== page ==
Venture Capital Trusts (VCTs) were created in 1995 to boost investment in smaller unquoted companies, there is now a good length of track record with a wide disparity in returns. The tax incentives are generous and of particular interest for investors liable to higher rates of Income Tax who are seeking an income.
|Name||Issue type||Closing Dates||Min |
|Evergreen VCTs - these have no formal plan to provide an exit (What does this mean?)|
|Downing FOUR Generalist VCT||New VCT: New VCT||5 April 2017 |
30 Sept 2017
|£5,000||£12.0m / £20.0m||2%|
The Downing FOUR Generalist Share class focuses on growth investments, by investing in a blend of companies at different stages in the business life cycle.
|Downing FOUR Healthcare VCT||New VCT: New VCT||5 April 2017 |
30 Sept 2017
|£5,000||£4.0m / £10.0m||2%|
Downing FOUR VCT Healthcare Share class will focus on investing in innovative healthcare and biomedical companies.
|Elderstreet VCT||Top-up||5 April 2016 |
1 May 2017
|£6,000||£9.8m / £20.0m||2.5%|
Elderstreet VCT is an established generalist VCT having launched in 1998, however remains a concentrated portfolio of 24 underlying investments and small in size.
|Pembroke VCT (B Share)||Top-up||5 April 2017 |
28 April 2017
|£3,000||£8.0m / £15.0m||3%|
Pembroke VCT B Share sits within Oakley Investment Management, a private equity specialist. The VCT is generalist, investing in companies with a focus on consumer brands.
|Limited Life VCTs - these plan to wind up within a defined period to provide an exit for investors (What does this mean?)|
* Discount includes any discount offered by the promoter
What are Venture Capital Trusts?
Venture Capital Trusts (VCTs) are tax efficient investment vehicles made available by the UK Government. They were initiated in 1995 to promote funding for small and medium-sized companies who may otherwise struggle to raise capital in the market. Since then they have raised nearly £6 billion from private investors.
Who are VCTS designed for?
VCTs are not a suitable option for everyone, but can be appropriate for experienced investors who are willing to take on a degree of risk within a diversified portfolio. We consider them to be a complementary option for investors who:
How have VCTs performed in the past?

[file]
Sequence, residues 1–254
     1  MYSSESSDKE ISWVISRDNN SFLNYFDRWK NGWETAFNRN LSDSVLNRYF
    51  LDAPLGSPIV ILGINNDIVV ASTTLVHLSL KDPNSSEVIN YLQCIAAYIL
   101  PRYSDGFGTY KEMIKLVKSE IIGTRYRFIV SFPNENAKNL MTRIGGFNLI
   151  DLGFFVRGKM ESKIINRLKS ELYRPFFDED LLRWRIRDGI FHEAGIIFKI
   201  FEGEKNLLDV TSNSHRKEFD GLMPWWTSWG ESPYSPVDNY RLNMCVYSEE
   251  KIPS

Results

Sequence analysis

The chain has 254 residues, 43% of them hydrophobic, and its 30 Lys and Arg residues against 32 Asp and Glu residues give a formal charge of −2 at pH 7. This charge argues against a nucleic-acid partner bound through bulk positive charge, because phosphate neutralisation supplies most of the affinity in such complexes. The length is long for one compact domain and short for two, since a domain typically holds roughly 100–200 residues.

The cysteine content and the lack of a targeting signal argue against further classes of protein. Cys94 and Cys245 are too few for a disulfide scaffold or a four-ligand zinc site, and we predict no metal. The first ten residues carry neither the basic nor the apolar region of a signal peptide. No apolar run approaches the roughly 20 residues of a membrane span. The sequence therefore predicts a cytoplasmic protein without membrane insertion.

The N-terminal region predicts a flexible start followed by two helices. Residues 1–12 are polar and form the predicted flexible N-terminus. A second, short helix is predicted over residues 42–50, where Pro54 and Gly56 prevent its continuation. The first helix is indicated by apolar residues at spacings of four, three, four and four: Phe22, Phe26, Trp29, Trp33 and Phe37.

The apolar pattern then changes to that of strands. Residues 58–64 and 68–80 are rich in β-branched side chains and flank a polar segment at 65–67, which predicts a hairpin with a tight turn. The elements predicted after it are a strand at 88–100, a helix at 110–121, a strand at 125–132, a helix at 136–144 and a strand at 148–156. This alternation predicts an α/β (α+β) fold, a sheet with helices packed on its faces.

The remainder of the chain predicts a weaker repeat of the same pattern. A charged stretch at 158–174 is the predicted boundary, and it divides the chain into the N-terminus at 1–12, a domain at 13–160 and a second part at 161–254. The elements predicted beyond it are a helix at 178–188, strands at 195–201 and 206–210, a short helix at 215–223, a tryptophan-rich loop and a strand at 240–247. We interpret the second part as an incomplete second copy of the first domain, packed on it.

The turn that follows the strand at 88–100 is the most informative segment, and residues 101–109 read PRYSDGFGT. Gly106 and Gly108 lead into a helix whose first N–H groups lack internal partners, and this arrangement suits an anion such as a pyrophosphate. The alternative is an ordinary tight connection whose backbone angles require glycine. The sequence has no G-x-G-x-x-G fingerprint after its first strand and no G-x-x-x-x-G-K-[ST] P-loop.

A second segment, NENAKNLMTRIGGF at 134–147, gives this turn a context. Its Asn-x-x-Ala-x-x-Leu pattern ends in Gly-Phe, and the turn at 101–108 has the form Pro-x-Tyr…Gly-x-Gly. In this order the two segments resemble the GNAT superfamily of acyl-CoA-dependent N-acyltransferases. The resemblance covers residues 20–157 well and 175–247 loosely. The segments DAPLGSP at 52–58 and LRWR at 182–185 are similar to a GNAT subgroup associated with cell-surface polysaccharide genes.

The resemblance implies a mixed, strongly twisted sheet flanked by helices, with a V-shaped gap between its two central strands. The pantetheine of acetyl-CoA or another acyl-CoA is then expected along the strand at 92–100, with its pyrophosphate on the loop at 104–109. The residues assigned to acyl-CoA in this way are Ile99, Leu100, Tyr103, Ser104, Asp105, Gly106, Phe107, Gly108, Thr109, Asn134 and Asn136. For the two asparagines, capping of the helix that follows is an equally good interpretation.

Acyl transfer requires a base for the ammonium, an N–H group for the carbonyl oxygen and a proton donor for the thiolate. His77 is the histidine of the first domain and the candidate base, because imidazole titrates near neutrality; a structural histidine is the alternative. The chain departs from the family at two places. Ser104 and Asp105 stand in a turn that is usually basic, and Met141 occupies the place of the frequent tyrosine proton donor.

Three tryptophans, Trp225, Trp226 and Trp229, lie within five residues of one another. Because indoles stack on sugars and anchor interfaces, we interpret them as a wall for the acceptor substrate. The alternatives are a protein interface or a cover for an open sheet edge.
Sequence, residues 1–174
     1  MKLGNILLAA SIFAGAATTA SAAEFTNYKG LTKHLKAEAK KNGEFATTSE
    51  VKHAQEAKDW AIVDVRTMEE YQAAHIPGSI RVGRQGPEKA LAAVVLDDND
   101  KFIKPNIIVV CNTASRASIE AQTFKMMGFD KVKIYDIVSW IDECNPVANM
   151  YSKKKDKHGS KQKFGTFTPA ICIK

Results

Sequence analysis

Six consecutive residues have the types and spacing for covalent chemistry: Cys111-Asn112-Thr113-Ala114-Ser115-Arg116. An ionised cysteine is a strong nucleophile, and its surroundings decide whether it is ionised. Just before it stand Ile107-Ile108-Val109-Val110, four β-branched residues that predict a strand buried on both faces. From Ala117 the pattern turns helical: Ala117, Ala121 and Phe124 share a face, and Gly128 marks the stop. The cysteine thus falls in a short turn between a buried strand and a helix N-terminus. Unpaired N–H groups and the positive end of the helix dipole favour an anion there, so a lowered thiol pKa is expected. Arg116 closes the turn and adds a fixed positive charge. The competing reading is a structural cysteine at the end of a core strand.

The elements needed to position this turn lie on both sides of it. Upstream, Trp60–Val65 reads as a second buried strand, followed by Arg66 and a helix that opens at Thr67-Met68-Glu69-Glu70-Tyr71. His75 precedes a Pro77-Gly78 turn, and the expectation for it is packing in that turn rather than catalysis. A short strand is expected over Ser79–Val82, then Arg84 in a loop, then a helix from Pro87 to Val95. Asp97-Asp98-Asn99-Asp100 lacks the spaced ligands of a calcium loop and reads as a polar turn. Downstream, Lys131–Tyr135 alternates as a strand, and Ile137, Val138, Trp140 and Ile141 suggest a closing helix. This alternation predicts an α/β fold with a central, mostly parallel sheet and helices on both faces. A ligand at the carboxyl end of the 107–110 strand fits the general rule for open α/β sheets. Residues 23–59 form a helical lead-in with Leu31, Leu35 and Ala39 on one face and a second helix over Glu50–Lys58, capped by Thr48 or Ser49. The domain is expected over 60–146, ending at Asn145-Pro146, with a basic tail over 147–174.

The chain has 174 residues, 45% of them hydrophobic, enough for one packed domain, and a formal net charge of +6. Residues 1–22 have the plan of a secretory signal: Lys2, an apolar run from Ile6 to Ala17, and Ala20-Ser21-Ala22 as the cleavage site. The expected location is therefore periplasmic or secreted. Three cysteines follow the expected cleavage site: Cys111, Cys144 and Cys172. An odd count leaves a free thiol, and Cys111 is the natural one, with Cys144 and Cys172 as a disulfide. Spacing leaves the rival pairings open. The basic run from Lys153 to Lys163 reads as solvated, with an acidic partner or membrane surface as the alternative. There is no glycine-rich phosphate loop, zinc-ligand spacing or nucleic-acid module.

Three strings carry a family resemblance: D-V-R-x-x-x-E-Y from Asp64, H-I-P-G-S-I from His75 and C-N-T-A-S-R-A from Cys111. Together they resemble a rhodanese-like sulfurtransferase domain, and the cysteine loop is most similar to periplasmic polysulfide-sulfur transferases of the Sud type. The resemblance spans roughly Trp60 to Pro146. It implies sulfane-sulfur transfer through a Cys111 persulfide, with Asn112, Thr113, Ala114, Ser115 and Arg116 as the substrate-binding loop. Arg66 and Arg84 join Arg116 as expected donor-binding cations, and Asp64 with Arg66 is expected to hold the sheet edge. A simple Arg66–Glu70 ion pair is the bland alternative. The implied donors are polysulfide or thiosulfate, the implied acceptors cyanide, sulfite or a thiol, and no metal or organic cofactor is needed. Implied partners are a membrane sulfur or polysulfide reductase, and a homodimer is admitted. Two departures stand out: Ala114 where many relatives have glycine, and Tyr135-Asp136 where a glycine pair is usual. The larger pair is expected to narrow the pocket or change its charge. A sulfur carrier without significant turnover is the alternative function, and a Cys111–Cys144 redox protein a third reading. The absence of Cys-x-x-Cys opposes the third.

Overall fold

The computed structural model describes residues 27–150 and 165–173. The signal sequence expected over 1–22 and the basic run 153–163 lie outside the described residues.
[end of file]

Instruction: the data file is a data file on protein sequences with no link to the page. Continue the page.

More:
Below we show the VCT share price total return data published by the Association of Investment Companies (AIC). Investors should also be aware that these figures represent averages and there is considerable disparity between individual VCTs.
|1 year||3 years||5 years||10 years|
|Return on £100||£106||£133||£157||£179|
Source: AIC website. Performance data to 30 November 2015
VCTs tend to pay out realised capital gains over time. The figures above represent the sum of cumulative dividends and current share price, but exclude the upfront income tax relief that is available to investors. Since all VCT dividends and capital gains are tax free, these returns are in effect net of tax. Of course there is no guarantee that past returns are indicative of the future.
How do Venture Capital Trusts function?
A Venture Capital Trust is a type of investment company, sharing all the same features including listing on the London Stock Exchange and a closed-ended structure with a limited number of shares. An independent board of directors is responsible for appointing the manager and monitoring performance.
The differentiating factors of a VCT can be attributed to the restrictions imposed by HMRC, which must be adhered to in order to gain VCT status and offer tax breaks.
More specifically, a VCT must have at least 70% of capital invested in qualifying investments within three years. In practice, the more mature VCTs will typically have a higher allocation.
How is the management team of a VCT assessed?